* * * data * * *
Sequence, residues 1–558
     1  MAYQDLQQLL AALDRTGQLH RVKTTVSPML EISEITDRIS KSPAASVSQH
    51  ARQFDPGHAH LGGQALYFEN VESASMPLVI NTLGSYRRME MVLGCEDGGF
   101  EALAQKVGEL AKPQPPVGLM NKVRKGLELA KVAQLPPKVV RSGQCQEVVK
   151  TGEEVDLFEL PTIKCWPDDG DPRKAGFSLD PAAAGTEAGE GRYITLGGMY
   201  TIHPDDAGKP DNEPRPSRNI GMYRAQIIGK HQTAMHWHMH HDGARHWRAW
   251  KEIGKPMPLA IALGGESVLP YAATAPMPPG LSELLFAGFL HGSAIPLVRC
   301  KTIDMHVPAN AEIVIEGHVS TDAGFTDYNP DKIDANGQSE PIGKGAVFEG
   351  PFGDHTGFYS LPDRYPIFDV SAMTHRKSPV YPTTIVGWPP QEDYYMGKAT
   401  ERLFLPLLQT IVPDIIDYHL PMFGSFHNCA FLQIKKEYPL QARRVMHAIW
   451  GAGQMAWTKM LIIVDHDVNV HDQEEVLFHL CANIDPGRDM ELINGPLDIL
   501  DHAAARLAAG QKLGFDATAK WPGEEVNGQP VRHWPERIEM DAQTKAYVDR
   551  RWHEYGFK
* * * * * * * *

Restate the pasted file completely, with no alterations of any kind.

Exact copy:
Sequence, residues 1–558
     1  MAYQDLQQLL AALDRTGQLH RVKTTVSPML EISEITDRIS KSPAASVSQH
    51  ARQFDPGHAH LGGQALYFEN VESASMPLVI NTLGSYRRME MVLGCEDGGF
   101  EALAQKVGEL AKPQPPVGLM NKVRKGLELA KVAQLPPKVV RSGQCQEVVK
   151  TGEEVDLFEL PTIKCWPDDG DPRKAGFSLD PAAAGTEAGE GRYITLGGMY
   201  TIHPDDAGKP DNEPRPSRNI GMYRAQIIGK HQTAMHWHMH HDGARHWRAW
   251  KEIGKPMPLA IALGGESVLP YAATAPMPPG LSELLFAGFL HGSAIPLVRC
   301  KTIDMHVPAN AEIVIEGHVS TDAGFTDYNP DKIDANGQSE PIGKGAVFEG
   351  PFGDHTGFYS LPDRYPIFDV SAMTHRKSPV YPTTIVGWPP QEDYYMGKAT
   401  ERLFLPLLQT IVPDIIDYHL PMFGSFHNCA FLQIKKEYPL QARRVMHAIW
   451  GAGQMAWTKM LIIVDHDVNV HDQEEVLFHL CANIDPGRDM ELINGPLDIL
   501  DHAAARLAAG QKLGFDATAK WPGEEVNGQP VRHWPERIEM DAQTKAYVDR
   551  RWHEYGFK